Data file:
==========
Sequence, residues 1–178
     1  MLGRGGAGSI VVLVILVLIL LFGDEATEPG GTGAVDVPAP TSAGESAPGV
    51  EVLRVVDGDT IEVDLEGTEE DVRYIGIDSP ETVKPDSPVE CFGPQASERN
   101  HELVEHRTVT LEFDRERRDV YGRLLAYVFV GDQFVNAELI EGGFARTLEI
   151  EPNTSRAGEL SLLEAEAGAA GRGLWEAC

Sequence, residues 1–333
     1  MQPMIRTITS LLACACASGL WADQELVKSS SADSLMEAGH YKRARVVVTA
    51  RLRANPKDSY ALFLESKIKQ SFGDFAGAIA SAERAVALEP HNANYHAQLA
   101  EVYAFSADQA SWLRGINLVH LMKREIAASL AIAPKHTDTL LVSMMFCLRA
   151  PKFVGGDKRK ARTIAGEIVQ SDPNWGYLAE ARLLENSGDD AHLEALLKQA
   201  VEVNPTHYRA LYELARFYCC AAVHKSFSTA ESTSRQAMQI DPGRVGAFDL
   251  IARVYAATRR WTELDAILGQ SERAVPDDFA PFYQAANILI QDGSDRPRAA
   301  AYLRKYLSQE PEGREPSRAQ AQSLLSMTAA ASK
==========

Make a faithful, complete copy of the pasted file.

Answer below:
Sequence, residues 1–178
     1  MLGRGGAGSI VVLVILVLIL LFGDEATEPG GTGAVDVPAP TSAGESAPGV
    51  EVLRVVDGDT IEVDLEGTEE DVRYIGIDSP ETVKPDSPVE CFGPQASERN
   101  HELVEHRTVT LEFDRERRDV YGRLLAYVFV GDQFVNAELI EGGFARTLEI
   151  EPNTSRAGEL SLLEAEAGAA GRGLWEAC

Sequence, residues 1–333
     1  MQPMIRTITS LLACACASGL WADQELVKSS SADSLMEAGH YKRARVVVTA
    51  RLRANPKDSY ALFLESKIKQ SFGDFAGAIA SAERAVALEP HNANYHAQLA
   101  EVYAFSADQA SWLRGINLVH LMKREIAASL AIAPKHTDTL LVSMMFCLRA
   151  PKFVGGDKRK ARTIAGEIVQ SDPNWGYLAE ARLLENSGDD AHLEALLKQA
   201  VEVNPTHYRA LYELARFYCC AAVHKSFSTA ESTSRQAMQI DPGRVGAFDL
   251  IARVYAATRR WTELDAILGQ SERAVPDDFA PFYQAANILI QDGSDRPRAA
   301  AYLRKYLSQE PEGREPSRAQ AQSLLSMTAA ASK